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    Wedding cake mistakes nobody tells you until it’s too late – from costs to waste

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    Nichola Murphy

    The idea of cake-tasting may be one of the more exciting tasks when it comes to wedding planning, but choosing a cake isn’t as easy as it may sound. 

    MORE: 15 most beautiful royal wedding cakes that will dazzle you

    Have you considered how big your wedding cake needs to be to feed your guests? How to deal with food allergies? Or, the dreaded issue of how much you actually need to budget for your elaborately decorated, three-tiered, photo-worthy confection?

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    WATCH: Royal wedding cakes through the years

    Annie Bennett, founder of Leading Lady Cakes, told HELLO! everything you need to know about your wedding cake – including the biggest mistakes couples make.

    How much does a wedding cake cost?

    One easy mistake is failing to have a budget in mind before you contact wedding cake designers, and failing to stick to it! Annie said the cost very much depends on the size and decoration of your dream cake, with prices starting from around £500. She said: “[They cost] as much as the amount of ingredients, time and effort have gone into the cake you want. 

    “There’s no set price list, and each baker will price their work according to their own set-up. Some bakers charge per person, but most will base prices on the size of the cake, the detail of decorations required and where the cake is to be delivered.

    Annie Bennett revealed everything you need to know about wedding cakes. Photos: Leading Lady Cakes

    “It’s the decoration that makes the difference. If you want different colours, textures, sugar flowers, etc. then expect it to cost more. Leading Lady Cakes’ average is around £500, though if it’s seven tiers with intricate details you’re after, then be prepared to go to four figures.”

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    In Annie’s case, choosing a ‘swirl’ of sugar roses, which can involve making up to 100 individual decorations, “can take days or even weeks to make” – which obviously drives prices up.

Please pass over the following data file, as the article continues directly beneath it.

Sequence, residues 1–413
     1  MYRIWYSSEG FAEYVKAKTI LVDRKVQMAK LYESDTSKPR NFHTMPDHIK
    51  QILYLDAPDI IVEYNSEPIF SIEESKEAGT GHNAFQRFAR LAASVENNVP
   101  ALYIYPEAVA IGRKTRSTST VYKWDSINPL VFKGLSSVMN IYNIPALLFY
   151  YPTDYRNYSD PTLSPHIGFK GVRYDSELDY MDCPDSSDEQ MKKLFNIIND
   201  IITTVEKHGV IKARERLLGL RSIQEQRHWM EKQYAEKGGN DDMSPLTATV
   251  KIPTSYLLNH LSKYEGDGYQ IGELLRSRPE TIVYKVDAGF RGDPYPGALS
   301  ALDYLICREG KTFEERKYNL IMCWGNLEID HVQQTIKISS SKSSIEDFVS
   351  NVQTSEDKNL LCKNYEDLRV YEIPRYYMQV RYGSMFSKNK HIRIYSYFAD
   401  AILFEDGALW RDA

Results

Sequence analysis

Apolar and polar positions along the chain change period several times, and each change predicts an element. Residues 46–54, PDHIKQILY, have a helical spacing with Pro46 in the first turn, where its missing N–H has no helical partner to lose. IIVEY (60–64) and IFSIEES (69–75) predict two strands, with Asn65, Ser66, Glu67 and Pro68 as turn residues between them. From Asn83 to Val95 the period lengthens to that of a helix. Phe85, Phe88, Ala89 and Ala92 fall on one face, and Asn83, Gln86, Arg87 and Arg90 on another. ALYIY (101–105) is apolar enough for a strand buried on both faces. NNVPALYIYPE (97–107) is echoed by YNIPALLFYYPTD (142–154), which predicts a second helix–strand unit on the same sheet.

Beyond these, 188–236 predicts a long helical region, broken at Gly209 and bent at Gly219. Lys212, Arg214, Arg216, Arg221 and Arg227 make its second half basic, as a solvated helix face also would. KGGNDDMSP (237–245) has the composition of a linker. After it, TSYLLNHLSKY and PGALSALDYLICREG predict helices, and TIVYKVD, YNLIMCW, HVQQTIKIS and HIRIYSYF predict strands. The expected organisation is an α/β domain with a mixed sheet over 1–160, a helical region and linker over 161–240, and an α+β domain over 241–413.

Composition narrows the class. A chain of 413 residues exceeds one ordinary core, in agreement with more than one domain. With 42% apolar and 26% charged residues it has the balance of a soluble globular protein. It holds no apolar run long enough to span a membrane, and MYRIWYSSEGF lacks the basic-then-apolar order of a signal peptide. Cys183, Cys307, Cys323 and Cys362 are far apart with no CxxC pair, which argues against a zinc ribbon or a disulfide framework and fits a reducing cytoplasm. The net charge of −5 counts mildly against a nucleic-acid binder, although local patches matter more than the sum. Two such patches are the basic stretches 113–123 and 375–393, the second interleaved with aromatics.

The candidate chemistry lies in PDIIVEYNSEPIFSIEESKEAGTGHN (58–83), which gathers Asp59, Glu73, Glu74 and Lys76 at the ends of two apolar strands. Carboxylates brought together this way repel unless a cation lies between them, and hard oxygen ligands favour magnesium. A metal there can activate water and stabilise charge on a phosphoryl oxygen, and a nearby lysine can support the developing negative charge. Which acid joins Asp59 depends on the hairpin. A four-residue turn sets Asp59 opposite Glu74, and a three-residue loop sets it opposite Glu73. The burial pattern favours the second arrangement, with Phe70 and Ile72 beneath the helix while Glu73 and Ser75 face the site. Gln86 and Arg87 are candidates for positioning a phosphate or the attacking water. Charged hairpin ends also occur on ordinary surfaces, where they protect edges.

To make your money go further, Annie said: “I’d recommend considering it as your dessert course. If that’s not an option, ask your baker to work out the size based on ‘finger portions’, this will mean you will get more slices from the cake and it will feed more guests.”

    How big should my wedding cake be to feed 100 guests?

    It sounds obvious, but make sure you cater for the number of guests you have invited – too little cake means not all of your friends and family members (or even the bride and groom!) will get a taste, and too much leads to wasted food and money.

    For 100 guests, Annie said you should work on the basis of having 100 ‘party slices’ which can be achieved with a three-tiered round cake of eight, 10 and 12-inch tiers.

    “To minimise waste, ask the caterers to wrap any leftover cake, and then take it home and freeze it,” she continued, provided it hasn’t been previously frozen. “You can then have memories of your wedding for up to three months after it!” 

    What are the biggest mistakes couples make when choosing their wedding cake?

    It’s important to choose a cake that’s the right size for your guest list

    Following on from the issue of getting the size correct, Annie said the biggest mistakes brides and grooms make is: “Not getting to actually eat any of the cake! A tip to avoid this would be to ask your caterers to keep a slice from each tier and box it up for you to take away with you, so if there are no leftovers, you can still enjoy your cake after the big day.”